Just my $.02

  5. #15
    Medium Load Member
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    If you are not familiar with form 1040-ES, it might be a good idea to pay a tax accountant to help you get set up.

    Setting aside about a third of your income is a good idea. This will only be good for the current year, however. Your employer will send a 1099 to the IRS this December or January. The IRS will consider that to be income from being self employed, So starting in 2012 you will have to pay estimated quarterly taxes (if you still work for them). Whether or not it is legal for your employer to do this is a separate issue. If you agree to be paid this way, you are self employed and in business for yourself as far as the IRS is concerned.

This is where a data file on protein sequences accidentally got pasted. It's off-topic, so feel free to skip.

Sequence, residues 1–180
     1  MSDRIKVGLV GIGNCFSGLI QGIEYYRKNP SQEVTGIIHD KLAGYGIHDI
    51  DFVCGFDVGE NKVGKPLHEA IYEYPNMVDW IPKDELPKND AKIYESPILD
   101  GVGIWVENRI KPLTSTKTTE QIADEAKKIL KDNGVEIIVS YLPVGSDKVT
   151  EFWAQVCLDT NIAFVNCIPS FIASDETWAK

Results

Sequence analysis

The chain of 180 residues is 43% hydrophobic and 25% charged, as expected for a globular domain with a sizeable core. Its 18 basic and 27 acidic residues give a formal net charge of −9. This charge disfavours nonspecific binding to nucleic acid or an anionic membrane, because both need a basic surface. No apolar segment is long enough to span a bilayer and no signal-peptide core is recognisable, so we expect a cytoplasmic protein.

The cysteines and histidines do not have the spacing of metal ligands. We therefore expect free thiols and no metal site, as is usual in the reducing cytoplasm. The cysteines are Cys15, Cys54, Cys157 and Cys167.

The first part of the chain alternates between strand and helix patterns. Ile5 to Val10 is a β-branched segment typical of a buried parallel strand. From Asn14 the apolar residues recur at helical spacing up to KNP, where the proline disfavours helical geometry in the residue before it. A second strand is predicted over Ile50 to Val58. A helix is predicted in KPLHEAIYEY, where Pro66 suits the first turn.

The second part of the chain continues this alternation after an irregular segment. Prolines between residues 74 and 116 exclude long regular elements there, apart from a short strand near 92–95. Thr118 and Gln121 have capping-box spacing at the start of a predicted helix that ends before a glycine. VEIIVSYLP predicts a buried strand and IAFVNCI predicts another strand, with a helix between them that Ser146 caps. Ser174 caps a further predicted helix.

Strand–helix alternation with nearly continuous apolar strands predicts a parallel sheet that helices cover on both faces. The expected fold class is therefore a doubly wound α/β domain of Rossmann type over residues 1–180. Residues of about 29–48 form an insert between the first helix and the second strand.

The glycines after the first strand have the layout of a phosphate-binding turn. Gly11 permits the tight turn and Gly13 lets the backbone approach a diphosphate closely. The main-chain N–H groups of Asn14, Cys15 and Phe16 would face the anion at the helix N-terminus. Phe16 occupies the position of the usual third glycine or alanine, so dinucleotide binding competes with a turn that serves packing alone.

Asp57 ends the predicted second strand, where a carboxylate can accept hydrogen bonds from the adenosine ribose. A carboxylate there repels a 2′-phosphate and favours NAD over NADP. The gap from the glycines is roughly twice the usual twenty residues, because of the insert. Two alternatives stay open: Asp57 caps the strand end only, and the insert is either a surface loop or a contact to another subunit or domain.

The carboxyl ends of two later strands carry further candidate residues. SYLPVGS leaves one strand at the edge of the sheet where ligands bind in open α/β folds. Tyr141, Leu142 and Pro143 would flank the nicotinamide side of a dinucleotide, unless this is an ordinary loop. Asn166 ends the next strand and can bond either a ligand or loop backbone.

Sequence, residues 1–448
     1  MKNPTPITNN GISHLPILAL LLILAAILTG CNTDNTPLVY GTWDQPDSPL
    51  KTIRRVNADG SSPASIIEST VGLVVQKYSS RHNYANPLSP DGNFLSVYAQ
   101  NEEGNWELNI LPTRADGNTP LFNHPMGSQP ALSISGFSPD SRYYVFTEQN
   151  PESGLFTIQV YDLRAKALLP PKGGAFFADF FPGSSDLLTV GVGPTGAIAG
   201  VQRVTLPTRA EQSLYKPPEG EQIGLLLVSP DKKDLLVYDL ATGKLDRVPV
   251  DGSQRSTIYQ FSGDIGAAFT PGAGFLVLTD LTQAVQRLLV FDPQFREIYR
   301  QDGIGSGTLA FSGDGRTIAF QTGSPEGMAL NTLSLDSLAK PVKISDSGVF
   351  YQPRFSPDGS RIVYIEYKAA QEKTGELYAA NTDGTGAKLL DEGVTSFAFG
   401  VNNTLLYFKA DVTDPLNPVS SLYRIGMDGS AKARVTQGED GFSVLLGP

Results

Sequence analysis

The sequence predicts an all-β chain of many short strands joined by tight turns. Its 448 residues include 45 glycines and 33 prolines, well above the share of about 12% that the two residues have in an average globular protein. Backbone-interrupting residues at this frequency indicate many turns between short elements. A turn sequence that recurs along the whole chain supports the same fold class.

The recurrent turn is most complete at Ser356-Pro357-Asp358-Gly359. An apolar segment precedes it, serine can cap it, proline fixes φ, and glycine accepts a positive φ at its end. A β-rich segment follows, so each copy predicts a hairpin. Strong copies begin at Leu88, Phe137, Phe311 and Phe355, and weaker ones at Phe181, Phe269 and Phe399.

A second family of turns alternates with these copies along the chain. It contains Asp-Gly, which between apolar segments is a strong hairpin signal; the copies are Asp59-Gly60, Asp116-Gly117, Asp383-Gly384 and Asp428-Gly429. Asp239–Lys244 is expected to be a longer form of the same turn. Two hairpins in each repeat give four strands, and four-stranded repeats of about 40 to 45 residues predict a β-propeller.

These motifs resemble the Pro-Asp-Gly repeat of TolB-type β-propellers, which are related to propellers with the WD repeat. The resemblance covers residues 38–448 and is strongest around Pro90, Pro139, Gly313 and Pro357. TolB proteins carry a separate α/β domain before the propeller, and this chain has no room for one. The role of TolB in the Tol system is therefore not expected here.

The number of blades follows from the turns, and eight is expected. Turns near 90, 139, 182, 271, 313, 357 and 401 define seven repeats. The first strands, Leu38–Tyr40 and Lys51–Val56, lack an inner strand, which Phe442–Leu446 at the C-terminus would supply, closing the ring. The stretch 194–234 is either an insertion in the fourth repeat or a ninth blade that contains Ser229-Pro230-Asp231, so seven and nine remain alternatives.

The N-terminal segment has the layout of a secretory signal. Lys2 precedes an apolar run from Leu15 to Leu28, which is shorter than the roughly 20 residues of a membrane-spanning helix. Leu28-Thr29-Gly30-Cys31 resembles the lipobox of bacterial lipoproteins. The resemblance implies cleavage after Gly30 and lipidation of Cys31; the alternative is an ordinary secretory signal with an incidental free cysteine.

http://www.irs.gov/businesses/small/...110413,00.html

  6. #16
    Road Train Member Rerun8963's Avatar
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    Quote Originally Posted by newtrucker2011 View Post
    Ok, the company I am driving for now pays me cash with no taxes taken out. But at the end of the year I will get a 1099 form.

    I know that means that I am responsible to pay all income taxes myself at years end.

    My question is this: How much money should I be setting aside each week out of my paychecks to cover my taxes ?

    If it helps - I will be claiming 1 dependant (myself) and also head of household, single.

    i'd put away (on average) of 25% of the weekly pay.....i know that can be a lot, but after you file your taxes you might still get a refund..

    now i say 25% because when i just did my weekly earnings, 25% is about right on target....